disuse degeneration occurs over time, as we've already discussed.
It isn't something we can feel or notice outwardly such as pain.
Only until the tissues involved reach "the limitations of
matter" do symptoms usually present themselves. By then years
have gone by. Let's go over some more physiology and how this
relates to Chiropractic, and for that matter, most of our everyday
DEGENERATION AND HUMAN PHYSIOLOGY
In the chapter on NATURAL LAW, we mentioned how human physiology,
(all life for that matter) has a specific, personal rate of degeneration.
This rate is controlled by many different factors including, genetics,
environment, social stresses, nutrition, fitness, emotional elements
and time. The "nature" of nature is such that, if left
to itself it will NOT perform as well as if there is a positive
intervention into the processes which control and direct things.
If left to natural processes, there will be an accelerated rate
of decay and degeneration in the non-living physical things like
our cars, etc., unless steps are taken to MINIMIZE these changes
through such things as oil changes. As for living things, there
is a degenerative rate occurring, but during the lifetime, there
is a degree of productivity that is fairly steady, UNLESS specifically
intervened in. Our personal level of physiological potential,
that is, our potential for good health in the physical world,
essentially predetermines our MINIMUM level or rate of degeneration.
If our behavior in interacting with the world is not in keeping
with the overall natural system, then we can actually begin to
MAXIMIZE that genetic and physiological rate of degeneration.
This can occur through the areas previously mentioned. If our
nutrition complies with the boundaries set by natural law, then
can be assured that we are doing all we can in this area to maximize
our physical life potential. If the environment we live in is
polluted and we breath foul air, drink toxic water, and live or
work under toxic conditions, then we are, again, placing ourselves
in an accelerated physiological mode. Emotional elements, social
stresses, lack of exercise and other areas also contribute to
How does all this fit Chiropractic? Think about it. If the human
body has a natural physiological rate of degeneration under day
to day "modern" activity, which it does, doesn't it
seem logical that intervening to minimize those affects and working
WITH the bodies physiological processes, we could prolong the
otherwise normal outcome? Spinal mechanics and joint action are
hinged on one primary element. MOTION. Why is movement so important?
Take what we know of motion. Motion affects circulation by the
contraction and relaxation of the muscles responsible for the
movement. In fact, contrary to what many may believe, the circulation
is greatly enhanced by muscular activity and motion. It forces
blood, which carries oxygen and nutrients, throughout the tissues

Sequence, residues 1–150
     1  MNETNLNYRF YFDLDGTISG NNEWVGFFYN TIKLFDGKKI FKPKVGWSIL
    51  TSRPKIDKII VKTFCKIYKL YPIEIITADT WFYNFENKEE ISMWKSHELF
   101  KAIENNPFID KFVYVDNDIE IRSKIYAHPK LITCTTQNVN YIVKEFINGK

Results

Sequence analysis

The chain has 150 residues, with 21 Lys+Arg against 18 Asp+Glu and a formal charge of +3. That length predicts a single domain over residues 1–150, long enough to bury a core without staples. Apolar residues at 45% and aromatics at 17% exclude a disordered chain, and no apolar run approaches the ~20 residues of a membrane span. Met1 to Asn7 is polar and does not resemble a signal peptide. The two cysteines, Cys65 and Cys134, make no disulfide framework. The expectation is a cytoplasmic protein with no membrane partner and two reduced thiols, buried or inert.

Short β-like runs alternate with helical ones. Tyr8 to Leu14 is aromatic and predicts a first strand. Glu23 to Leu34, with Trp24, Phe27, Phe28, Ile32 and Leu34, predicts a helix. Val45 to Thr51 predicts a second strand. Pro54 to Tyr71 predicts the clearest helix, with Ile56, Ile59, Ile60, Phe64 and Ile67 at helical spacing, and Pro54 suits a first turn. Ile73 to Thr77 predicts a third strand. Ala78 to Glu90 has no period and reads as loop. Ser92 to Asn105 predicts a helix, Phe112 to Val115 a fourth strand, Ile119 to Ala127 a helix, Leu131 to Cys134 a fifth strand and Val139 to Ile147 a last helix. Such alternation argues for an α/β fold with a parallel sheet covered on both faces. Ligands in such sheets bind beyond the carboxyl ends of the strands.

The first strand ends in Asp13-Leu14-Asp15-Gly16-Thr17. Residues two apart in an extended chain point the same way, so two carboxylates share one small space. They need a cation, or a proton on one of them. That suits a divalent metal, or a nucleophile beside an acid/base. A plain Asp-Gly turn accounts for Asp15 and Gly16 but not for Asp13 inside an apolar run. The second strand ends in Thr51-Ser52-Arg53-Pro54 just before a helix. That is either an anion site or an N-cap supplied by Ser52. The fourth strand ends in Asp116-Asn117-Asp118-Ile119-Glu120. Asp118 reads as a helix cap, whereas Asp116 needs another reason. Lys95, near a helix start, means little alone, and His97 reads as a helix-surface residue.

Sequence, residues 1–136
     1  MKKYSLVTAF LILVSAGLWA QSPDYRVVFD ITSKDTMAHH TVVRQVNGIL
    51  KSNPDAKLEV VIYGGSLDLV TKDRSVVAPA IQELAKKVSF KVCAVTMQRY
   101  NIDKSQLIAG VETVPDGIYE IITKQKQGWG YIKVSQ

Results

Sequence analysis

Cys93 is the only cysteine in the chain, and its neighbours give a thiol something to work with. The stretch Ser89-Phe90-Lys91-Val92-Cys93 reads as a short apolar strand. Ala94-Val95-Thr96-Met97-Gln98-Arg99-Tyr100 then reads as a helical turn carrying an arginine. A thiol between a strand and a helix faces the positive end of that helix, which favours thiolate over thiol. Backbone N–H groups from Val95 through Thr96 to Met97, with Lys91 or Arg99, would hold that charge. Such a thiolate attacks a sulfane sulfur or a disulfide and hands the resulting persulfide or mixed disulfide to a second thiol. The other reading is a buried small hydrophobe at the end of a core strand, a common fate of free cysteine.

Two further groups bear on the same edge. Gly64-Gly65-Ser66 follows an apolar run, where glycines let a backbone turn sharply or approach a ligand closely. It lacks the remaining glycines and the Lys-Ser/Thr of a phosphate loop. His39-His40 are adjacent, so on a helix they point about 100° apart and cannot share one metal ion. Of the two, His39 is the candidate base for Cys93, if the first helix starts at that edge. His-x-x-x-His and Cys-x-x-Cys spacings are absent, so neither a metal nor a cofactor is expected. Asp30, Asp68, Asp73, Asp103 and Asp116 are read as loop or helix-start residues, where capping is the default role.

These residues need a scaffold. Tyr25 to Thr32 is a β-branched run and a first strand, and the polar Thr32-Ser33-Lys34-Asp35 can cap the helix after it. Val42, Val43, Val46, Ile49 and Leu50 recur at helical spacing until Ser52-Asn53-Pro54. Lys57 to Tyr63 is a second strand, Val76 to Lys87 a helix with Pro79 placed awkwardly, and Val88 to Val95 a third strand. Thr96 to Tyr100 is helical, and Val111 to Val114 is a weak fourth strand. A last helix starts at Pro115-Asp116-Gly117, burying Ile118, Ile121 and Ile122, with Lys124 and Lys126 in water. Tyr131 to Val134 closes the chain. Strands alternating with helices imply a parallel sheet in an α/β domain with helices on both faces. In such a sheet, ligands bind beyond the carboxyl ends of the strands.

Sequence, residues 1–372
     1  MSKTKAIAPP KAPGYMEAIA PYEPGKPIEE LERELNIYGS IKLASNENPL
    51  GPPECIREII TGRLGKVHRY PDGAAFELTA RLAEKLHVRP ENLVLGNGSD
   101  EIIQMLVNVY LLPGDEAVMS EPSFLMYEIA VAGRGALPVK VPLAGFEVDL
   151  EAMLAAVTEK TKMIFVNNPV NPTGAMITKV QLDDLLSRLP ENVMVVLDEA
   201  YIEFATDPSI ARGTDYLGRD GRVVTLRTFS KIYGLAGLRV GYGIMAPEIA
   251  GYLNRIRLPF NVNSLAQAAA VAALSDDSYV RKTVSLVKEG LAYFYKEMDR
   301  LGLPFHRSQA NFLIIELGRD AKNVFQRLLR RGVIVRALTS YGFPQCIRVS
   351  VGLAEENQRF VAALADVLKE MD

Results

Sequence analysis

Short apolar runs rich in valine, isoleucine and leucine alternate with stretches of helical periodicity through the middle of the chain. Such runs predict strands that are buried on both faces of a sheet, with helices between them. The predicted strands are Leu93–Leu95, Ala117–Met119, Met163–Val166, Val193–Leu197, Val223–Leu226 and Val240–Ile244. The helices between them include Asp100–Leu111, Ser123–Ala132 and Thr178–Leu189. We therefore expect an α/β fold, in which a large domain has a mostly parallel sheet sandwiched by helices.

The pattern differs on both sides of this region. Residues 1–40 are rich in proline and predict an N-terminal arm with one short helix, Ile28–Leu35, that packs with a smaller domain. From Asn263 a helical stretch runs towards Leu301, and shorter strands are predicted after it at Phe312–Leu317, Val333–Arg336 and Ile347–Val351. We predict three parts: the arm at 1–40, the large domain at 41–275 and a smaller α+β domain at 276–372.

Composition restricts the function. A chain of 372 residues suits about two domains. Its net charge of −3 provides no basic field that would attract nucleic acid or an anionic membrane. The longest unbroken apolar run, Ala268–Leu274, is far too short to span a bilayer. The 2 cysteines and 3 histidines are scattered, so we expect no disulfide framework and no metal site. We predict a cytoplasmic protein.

and augments the removal of metabolic and degenerative waste products.
The implication here is that to the degree that movement is limited,
there will be a corresponding decrease in the health of the tissue
environment. This leads to toxin buildup and increases the rate
of degeneration of the area. Movement also stimulates the nervous
system, stimulates tissue healing and regeneration, maintains
tissue strength and functional integrity, etc.
Mechanically speaking, improper motion affects not only local
joint and tissue physiology, but also the mechanics of more distant
joints and thus, that area's physiology, and ultimately, the functional
integrity of the whole system is compromised. The vertebra function
as a UNIT. Each bend we make is involving many of the vertebra,
each contributing its own little amount of movement. These small
amounts of motion add up to the full flexibility we can normally
achieve. If there is a problem with the mechanical ability for
one vertebra to freely go through its range of motion, then the
motion or transfer of stress and work which should be accomplished
by it does not occur.
In fact, this derangement in the movement actually increases
the stress on that particular joint. It also creates an abnormal
mechanical roadblock to proper activity of other parts of the
spine and back. If left unattended, this will lead to conditions
such as degenerative joint disease and disk degeneration. As these
areas become more and more involved, nervous system communication
problems develop, which in turn affects our internal organs to
the point /that they can no longer operate as directed by the
Add to loss of motion, this element of spinal injury, and we
have set up a scenario for this slow degenerative process to take
place with similar results. When we are injured in a car accident,
have a fall or mishap, we actually tear tissue on the inside of
our body, primarily muscle and ligament tissue around such things
as joints. Muscle tissue is torn and blood vessels rupture. This
allows a pool of blood to form which provides an excellent medium
for cell growth and tissue healing. The problem with this normal
physiology is that this pool of blood isn't picky where it runs.
Wherever the blood leaks is where the cells will grow. The death
of tissue within the body leads to scar tissue formation, the
same as when you cut yourself on the outside. This scar tissue
isn't elastic, just as a cut heals with scar tissue on the outside,